One of my biggest struggles throughout college is trying to figure out what exactly I want to be when I grow up. My parents don’t have a business to hand down to me, I never stayed in phase long enough to find a career in it; going over my strengths and weaknesses over and over in my makes it hard to find something that seems fitting.
Currently, I’m stuck between becoming a teacher or a guidance counselor. When I transferred to SDSU, I wanted to be a teacher. That’s about three years now of considering the profession. I’ve even changed my major (for the fourth time) to better suit my possible future of being an English teacher, preferably an intro class to literature or creative writing.
I love the thought of being able to teach a class that the majority of students hate. Everyone seems to think English class is all about writing essays, which quite frankly, it is. But that’s not all it’s about! Critical thinking and analysis are hugely important concepts that can help you throughout your future. Learning/knowing correct grammar makes anyone look and sound better. And one of my favorite quotes falls perfectly here: “A reader lives a thousand lives before he dies. The man who never reads lives only one.” I find this quote to be so accurate. When you find a book that completely submerges you into the lives of the characters, there’s no letting go of the book. I’ll forever carry the love of Scott Fitzgerald for Daisy, carry the passion and zest for like Elizabeth Gilbert has in Eat Pray Love, remember about the kids in the series The Boxcar Children – the first series I ever read on my own and the books that started my love for reading. Someone who has read Harry Potter, Mary Barton, and Brain on Fire carry all of these different experiences with intimate detail that you can’t get from a movie, or from never having read at all.
English class can also teach you about politics, the media, and history. If it weren’t for reading Macy Shelley’s Frankenstein, I would have never known about her friendship with Lord Byron (who is one of the biggest poets from the romantic period). If it weren’t for books like Chicken Soup, I would have never learned from others mistakes, experiences, and loss. If it weren’t for books by Jane Austen, Mary Shelley, or Virginia Wolf I wouldn’t know about the struggles women went through on a first hand basis (all you’d know is what they’ve taught us in history classes).
But this is where the counseling comes in, another huge reason I want to be an English teacher is to be able to have office hours and help kids figure out their futures, remind them that high school is only four years not forever.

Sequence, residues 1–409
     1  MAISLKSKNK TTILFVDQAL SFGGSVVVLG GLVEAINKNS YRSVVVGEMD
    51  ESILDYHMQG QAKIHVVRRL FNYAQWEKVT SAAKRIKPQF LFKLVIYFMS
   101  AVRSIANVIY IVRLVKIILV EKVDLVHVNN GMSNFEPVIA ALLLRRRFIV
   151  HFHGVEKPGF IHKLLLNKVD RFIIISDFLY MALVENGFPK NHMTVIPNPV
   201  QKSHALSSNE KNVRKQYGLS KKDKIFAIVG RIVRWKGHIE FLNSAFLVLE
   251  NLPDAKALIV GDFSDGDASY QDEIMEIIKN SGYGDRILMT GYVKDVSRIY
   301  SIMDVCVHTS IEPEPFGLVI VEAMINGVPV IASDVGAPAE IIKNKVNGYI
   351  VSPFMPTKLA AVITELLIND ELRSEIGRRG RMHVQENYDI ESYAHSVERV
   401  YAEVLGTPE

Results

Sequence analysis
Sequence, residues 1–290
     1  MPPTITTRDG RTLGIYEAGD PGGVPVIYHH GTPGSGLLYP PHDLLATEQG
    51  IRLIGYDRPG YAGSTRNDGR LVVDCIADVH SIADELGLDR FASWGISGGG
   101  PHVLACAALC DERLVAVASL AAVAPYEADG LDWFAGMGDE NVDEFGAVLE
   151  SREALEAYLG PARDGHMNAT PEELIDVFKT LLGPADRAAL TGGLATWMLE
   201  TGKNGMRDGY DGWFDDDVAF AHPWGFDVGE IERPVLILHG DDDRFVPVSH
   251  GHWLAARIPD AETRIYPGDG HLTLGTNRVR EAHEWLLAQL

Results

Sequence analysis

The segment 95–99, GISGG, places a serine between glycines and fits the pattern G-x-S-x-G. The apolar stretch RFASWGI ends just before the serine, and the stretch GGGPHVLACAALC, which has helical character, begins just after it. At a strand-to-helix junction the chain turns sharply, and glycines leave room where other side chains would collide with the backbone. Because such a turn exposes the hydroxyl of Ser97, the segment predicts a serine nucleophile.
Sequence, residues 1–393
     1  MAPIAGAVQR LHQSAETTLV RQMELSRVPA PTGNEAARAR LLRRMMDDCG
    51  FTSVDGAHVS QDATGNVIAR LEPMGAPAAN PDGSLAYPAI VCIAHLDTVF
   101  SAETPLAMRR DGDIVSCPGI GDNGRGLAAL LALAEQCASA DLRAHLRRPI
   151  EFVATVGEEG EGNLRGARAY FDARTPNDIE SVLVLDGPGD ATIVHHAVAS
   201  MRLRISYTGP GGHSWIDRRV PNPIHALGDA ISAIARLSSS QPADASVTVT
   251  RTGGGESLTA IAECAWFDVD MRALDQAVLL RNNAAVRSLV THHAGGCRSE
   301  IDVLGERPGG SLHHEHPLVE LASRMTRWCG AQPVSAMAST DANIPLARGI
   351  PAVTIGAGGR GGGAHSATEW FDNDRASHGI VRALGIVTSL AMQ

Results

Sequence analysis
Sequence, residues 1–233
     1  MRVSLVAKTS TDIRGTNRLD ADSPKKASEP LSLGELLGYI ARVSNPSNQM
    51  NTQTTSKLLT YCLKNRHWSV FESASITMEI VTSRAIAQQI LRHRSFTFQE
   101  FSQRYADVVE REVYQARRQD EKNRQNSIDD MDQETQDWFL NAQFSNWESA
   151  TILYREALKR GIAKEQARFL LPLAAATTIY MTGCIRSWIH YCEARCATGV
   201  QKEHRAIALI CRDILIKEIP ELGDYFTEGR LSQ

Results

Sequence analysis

And then there’s the huge part of me that loves academic advising.
Having people (whether they be friends or family or coworkers) come to me for advise on what to do with school; what classes to take, what major best suits them, what degrees they should aim for, what school to go to – it gives me butterflies, fills me with happiness, and all those other cheesy phrases. I literally thrive in this conversation. Even if I know they’re only taking my opinion into consideration, or I was easy dropping and invited myself into an unwelcome conversation, I know what I’m talking about.
I began community college without the slightest clue as to what I wanted to do with my life or what major I wanted to join. Since then, six years later, I’ve changed my minor four times, added a minor, taken classes I thought qualified for general ed that ended up being useless, having to retake classes I didn’t so well in, and God knows what else I’ve done to get here. I didn’t even get into SDSU on my first try! I was denied accepted, then appealed on the purpose that I’ve worked for the same company for the last six years, and some how managed to get in on appeal.
All of these things are valuable not only to my college experiences but to others who don’t know what to do, how to transfer, or are just starting out and want some sort of a guide – which I wish I’d had when I first started.
As much as this post sounded like a complete ramble, this is exactly how my thought process is right now. I want to teach a subject I love and am passionate about, but I want to help people transition through school and help them understand what exactly they’re doing. I know I have a strength in working with smaller groups and a weakness in standing in front of crowds.
But can one weakness knock out an entire list of strengths?